Despite his business success, Rive was unable to get a green card while running Everdream and worried about deportation. His wife, also South African, eventually secured one thanks to her skill in underwater hockey. Both Rive and his wife, now American citizens, ended up playing for the U.S. national underwater-hockey team, Rive's sole passion outside his business. That impressed John Fisher, the managing director of venture-capital firm Draper Fisher Jurvetson and an early investor in Everdream and SolarCity. "He was wily, smart, highly energetic and very savvy," he says.
As Everdream wound down, Rive began looking to start a new business. It was Musk--in an RV on the way to the Burning Man festival in 2004--who nudged him toward solar power. SolarCity's innovation wasn't technological but financial. Instead of selling solar systems outright, which can cost $20,000 or more, SolarCity would install them for free and then sell the electricity the panels generated to customers at a fixed rate over the life of a 20-year contract.
Given that utility rates are expected to rise, customers taking advantage of so-called power-purchase-agreement contracts are able to avoid the prohibitive up-front cost of solar and save money over the life of their contract. SolarCity also offered solar leases, not unlike car leases, in which customers pay a fixed monthly price for their systems. "With a lease, you immediately start saving, and from Day One you pay less for electricity than you were before," says Shayle Kann, vice president for research at Greentech Media. The model--now used by most solar installers--opened a huge new market.
Of course, subsidies help. The federal government offers a 30% tax credit on solar systems, and states provide additional incentives. Some states also have net-metering laws, which require utilities to pay solar-system owners for any excess electricity they feed back into the grid. That's what has some utilities concerned about distributed solar. If solar can keep growing, a significant percentage of utility customers will begin producing more and more of their own energy--and paying less to utilities. Rhone Resch, the president of the Solar Energy Industries Association, argues that if utilities don't evolve, SolarCity will become a threat.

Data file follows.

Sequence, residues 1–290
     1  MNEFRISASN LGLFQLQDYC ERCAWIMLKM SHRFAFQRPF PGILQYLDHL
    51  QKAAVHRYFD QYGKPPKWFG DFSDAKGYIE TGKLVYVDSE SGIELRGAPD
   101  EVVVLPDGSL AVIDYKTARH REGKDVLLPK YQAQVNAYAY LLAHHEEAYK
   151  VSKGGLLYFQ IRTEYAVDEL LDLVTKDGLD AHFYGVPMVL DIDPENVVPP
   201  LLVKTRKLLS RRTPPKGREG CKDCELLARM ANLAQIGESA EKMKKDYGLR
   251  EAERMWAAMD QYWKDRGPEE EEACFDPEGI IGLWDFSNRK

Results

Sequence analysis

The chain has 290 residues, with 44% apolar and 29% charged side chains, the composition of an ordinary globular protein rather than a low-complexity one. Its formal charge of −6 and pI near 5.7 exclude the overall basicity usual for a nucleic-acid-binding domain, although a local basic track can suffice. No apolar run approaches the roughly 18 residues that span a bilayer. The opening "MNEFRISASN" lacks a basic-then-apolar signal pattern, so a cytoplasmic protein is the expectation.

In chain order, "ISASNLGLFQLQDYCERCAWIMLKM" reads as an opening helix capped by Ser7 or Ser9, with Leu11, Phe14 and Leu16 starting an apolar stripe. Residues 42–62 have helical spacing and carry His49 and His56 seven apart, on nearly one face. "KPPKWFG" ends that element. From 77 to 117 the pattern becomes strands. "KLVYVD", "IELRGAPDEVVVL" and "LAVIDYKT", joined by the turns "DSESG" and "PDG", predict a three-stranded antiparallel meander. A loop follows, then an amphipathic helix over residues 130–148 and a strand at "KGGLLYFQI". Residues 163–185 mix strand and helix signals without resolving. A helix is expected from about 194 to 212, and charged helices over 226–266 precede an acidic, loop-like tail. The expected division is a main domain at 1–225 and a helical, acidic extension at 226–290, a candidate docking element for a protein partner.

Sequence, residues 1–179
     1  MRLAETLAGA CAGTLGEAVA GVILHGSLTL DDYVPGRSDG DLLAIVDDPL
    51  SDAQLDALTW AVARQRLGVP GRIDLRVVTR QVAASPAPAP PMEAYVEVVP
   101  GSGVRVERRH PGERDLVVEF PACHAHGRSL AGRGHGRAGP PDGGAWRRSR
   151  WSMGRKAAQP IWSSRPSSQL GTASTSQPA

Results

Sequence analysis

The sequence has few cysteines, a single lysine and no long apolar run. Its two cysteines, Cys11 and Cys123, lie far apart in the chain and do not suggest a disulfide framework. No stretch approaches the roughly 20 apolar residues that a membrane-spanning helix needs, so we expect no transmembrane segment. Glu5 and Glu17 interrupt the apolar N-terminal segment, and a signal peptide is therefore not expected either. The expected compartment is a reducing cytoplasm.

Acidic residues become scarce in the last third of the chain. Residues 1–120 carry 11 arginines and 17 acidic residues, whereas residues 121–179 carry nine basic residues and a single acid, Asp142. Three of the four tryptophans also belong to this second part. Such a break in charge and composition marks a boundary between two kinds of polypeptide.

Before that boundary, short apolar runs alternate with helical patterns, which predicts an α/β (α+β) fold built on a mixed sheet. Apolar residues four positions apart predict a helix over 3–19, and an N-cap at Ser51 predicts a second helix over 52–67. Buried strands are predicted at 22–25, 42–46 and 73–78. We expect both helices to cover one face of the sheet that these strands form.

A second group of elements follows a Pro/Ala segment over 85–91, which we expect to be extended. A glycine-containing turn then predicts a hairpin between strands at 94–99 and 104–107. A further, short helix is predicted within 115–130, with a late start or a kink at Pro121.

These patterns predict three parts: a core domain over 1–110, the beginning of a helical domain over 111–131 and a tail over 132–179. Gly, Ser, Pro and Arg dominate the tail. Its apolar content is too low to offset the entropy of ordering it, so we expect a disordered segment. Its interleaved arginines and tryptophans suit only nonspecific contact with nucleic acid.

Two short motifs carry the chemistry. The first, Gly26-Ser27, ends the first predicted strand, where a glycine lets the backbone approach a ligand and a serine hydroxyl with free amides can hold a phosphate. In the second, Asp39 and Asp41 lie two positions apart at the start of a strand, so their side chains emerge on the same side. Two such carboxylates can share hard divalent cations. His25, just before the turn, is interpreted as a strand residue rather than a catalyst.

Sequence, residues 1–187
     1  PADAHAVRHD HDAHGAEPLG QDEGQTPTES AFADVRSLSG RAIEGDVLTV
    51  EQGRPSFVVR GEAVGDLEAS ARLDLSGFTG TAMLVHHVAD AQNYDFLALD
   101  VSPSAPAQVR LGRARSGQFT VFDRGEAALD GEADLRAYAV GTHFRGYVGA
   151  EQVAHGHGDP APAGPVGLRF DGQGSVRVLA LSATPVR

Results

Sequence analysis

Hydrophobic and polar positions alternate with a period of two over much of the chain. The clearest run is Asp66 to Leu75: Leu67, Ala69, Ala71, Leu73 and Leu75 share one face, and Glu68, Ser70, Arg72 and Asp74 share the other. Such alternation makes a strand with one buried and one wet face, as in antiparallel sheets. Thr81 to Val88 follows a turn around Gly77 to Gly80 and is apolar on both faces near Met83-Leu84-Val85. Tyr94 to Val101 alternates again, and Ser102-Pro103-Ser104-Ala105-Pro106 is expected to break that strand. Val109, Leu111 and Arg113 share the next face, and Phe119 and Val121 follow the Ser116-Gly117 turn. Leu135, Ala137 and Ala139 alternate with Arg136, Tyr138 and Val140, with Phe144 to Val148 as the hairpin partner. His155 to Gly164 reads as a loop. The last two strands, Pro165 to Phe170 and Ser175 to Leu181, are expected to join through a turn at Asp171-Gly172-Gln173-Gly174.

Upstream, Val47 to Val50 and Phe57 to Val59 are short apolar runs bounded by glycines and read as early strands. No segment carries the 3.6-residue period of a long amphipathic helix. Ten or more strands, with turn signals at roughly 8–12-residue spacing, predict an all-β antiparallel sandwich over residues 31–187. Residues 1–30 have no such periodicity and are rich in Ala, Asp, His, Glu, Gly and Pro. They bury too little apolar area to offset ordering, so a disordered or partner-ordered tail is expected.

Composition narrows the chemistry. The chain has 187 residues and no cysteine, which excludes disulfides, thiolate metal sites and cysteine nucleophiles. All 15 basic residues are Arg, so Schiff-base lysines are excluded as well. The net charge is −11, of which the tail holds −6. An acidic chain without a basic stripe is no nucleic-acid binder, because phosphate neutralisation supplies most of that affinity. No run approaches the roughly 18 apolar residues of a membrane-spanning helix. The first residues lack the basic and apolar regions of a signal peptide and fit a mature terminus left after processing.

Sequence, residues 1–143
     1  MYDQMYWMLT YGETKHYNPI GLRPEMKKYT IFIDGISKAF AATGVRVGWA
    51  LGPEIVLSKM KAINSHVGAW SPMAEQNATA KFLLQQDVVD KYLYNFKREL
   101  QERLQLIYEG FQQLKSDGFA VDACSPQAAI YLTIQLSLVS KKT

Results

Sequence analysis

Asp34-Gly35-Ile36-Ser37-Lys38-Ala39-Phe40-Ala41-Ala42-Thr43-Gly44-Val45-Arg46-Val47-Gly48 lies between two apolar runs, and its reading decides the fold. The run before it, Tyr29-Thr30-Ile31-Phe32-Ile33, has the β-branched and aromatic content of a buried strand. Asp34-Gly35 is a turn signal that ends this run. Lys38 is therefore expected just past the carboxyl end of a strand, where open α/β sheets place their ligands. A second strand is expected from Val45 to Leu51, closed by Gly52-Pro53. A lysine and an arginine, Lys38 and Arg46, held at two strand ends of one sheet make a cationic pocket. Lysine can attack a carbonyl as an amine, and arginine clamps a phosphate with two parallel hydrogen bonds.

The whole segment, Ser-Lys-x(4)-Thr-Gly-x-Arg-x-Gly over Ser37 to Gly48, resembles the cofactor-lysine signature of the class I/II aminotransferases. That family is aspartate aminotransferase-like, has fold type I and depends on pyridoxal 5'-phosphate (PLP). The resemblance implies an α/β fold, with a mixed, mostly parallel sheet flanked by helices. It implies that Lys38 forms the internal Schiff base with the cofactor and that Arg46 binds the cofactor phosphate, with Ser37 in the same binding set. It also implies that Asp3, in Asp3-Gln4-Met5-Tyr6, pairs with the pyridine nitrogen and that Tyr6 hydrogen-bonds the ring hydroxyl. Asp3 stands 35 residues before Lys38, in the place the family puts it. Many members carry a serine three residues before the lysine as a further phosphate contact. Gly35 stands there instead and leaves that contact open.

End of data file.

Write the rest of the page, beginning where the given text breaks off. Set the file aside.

The utility industry says those fears are overblown. "You might not need a [telephone] landline, but you're always going to want to be connected to the grid," says David Owens, the executive vice president at the Edison Electric Institute, a utility trade group. And solar has no shortage of obstacles along the way--including a ratcheting down of the federal tax credit, which is scheduled to fall to 10% in 2017. While the industry should continue to benefit from lower solar-panel prices, companies will also have to grapple with the more difficult task of reducing the cost of installation and other labor-intensive aspects of the business, a challenge that has proved far trickier.
SolarCity recently bought rooftop-solar-equipment provider Zep Solar, which has technology that can cut installation times from two or three days to as little as one day. The company is also trying to bulk up fast in an effort to get big enough to become essentially subsidy-proof. "The only way you can make that jump is to get massive scale," says Lyndon Rive. If SolarCity can keep growing and achieve its goal of becoming one of the largest energy companies in the country, Rive will have changed the electricity business forever. And Elon Musk might end up being known as Lyndon Rive's cousin.